Before I even attempt it.

Ok, I VERY new to the blender API, I have no idea how to use it really, but I do know how to code in python.

I want to know, how hard do you think it would be fore a newbie like me to go and make a script that would make a hydraulic cylinder and attach its ends to two empties that are already made with a certain name?

I just thought of it, and thought how perfect it would be to at least create pistons for concept productions of mechanical objects made in blender.

I suppose that this isn’t the point of your question at all… but wouldn’t it just be easier to model the piston and attach it to the empties yourself?

As far as your question goes, my experience with python is limited to the game engine, so I would google the tutorial about making polygons with python in blender. The math part of the script should be pretty simple, as far as placing the verticies, but the script shows how to connect them and fill faces. Important stuff. Also, here’s the blender api link in case you don’t already have it.

I think what you might be after is script-links. They do a similar thing to how the MEL is set up in Maya. You can do quite complex animations with them that otherwise would me much harder or sometimes impossible with the animation tools. There was a Python contest not too long ago showing some excellent uses of Python though they weren’t using script-links, just normal code. The difference with a script-link is that you can code something and change it and it will update the animation, whereas with a standalone script, you’d have to set the keyframes.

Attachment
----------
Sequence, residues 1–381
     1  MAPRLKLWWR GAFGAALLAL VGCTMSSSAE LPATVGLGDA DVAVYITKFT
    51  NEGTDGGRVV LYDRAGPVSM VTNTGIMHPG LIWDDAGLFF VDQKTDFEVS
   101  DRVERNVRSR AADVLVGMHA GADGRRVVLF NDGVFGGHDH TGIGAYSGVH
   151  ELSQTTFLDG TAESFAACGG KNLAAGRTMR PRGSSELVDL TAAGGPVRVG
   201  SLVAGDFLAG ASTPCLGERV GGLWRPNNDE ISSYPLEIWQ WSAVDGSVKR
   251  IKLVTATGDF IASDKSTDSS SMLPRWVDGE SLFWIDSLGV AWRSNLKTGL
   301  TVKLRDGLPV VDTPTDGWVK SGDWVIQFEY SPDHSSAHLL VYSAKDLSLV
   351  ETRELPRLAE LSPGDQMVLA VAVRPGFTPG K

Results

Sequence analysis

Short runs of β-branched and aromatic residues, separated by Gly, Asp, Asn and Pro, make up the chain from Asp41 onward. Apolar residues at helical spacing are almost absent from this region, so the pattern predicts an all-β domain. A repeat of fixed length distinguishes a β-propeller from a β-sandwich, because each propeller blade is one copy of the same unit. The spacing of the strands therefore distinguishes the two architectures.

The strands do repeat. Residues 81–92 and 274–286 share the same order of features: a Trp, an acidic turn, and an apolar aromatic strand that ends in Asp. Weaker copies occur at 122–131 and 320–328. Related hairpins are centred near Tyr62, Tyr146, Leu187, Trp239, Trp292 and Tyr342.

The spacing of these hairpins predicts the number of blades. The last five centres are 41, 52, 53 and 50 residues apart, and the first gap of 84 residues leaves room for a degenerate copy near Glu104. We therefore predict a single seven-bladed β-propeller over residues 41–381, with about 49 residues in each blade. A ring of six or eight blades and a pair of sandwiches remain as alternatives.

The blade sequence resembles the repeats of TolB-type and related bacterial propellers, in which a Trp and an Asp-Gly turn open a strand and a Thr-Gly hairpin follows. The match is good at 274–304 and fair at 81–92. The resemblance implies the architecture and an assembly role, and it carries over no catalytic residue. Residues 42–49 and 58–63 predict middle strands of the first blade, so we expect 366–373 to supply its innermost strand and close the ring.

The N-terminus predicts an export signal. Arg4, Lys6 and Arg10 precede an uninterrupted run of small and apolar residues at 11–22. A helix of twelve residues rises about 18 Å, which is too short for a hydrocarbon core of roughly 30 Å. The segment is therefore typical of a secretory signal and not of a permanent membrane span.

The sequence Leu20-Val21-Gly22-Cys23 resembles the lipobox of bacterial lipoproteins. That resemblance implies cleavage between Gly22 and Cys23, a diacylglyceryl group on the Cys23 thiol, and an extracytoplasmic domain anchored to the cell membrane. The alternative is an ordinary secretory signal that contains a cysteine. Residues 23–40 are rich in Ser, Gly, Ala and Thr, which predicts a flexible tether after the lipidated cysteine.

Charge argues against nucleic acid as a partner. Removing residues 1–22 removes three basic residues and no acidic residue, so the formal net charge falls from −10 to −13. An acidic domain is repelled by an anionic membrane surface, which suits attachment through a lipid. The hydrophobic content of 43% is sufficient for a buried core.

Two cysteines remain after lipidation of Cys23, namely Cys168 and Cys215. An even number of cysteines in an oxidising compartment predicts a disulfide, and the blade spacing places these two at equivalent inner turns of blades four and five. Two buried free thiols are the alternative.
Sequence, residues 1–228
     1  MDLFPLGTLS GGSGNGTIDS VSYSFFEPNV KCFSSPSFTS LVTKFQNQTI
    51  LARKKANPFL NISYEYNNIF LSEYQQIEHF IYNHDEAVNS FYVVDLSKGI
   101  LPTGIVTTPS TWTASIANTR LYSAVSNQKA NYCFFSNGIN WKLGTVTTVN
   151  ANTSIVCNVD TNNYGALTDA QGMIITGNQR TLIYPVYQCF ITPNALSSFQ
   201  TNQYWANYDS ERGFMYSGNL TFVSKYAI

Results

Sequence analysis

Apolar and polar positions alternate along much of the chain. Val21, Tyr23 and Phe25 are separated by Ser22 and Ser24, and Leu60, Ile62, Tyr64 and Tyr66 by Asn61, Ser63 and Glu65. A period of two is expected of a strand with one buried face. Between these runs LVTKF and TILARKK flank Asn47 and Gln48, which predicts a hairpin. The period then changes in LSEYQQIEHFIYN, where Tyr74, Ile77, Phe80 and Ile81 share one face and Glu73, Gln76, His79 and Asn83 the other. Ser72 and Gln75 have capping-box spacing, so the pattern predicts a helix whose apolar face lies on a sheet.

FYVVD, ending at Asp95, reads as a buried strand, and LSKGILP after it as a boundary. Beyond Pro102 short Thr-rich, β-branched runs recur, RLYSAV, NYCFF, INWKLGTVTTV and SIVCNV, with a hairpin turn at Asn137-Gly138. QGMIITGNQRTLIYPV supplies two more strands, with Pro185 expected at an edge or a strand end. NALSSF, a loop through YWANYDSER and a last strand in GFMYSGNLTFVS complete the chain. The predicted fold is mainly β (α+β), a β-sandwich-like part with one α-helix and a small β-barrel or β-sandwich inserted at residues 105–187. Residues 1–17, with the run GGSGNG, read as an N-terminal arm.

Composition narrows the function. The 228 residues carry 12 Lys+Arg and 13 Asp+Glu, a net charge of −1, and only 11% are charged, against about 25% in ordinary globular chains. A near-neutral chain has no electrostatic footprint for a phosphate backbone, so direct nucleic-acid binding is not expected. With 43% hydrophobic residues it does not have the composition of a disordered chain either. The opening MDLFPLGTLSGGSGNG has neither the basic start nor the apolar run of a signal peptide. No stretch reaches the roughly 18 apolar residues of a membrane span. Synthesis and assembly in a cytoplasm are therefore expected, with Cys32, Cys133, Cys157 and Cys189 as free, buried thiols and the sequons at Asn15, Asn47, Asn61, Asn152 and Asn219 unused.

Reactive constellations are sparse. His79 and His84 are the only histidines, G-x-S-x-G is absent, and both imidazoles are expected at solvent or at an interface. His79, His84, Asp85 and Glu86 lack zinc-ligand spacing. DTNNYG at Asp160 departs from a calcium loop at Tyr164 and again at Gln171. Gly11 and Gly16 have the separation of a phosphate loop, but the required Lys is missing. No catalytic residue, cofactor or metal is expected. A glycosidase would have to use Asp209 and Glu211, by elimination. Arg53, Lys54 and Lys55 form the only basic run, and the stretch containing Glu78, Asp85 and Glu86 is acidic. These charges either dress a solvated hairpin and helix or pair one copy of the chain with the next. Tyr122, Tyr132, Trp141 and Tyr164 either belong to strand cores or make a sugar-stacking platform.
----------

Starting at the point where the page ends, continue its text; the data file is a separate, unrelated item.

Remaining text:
Actually, some of the scripts did use script links in the python challenges (I know at least one of mine did).

I’m thinking python may be overkill for what your doing though, since script links, unfortunately are not what I’d like them to be, since they do not store the previous state of meshes (since that would be highly memory intensive), meaning that when you have a script linked to the change frame action, it will advance the animation by one frame whether you go forward or back. This means no “rewind” of course, which is a horrible workflow for real animators. The other option is to generate IPOs, of course, but depending on the number of objects, this can get a little heavy on memory and CPU as well.

For things like pistons, its probably best and more efficient to actually use the armature and constraint system already in place, rather than trying to reinvent the wheel, unless there is some behavior of pistons you need that cannot easily be achieved via armatures and clever animation.

Ok…Sorry…Reread your post (all that’s above is still valid stuff to consider as you get more and more advanced, though)…

As far as parametrically modelling a hydraulic cylinder (which I will continue to call a piston for ease of use), it shouldn’t be too hard unless you are looking for some wacky shape. I assume you pretty much mean a couple of cylinders modelled in different parts, which should be relatively easy.

Attaching empties should be relatively trivial as well, once you know the API.

Good Luck.

well, in my experience, sometimes it would be easier just to have a WYSIWYG type python interface to simply model a piston, but not to be used as a final product.